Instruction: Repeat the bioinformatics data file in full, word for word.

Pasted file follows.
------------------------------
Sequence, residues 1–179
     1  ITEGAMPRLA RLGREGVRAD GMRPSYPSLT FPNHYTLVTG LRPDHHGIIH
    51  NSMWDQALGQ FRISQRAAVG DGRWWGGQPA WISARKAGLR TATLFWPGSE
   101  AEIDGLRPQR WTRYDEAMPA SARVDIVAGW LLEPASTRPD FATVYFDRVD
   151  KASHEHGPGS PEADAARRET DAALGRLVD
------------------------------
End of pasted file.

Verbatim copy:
Sequence, residues 1–179
     1  ITEGAMPRLA RLGREGVRAD GMRPSYPSLT FPNHYTLVTG LRPDHHGIIH
    51  NSMWDQALGQ FRISQRAAVG DGRWWGGQPA WISARKAGLR TATLFWPGSE
   101  AEIDGLRPQR WTRYDEAMPA SARVDIVAGW LLEPASTRPD FATVYFDRVD
   151  KASHEHGPGS PEADAARRET DAALGRLVD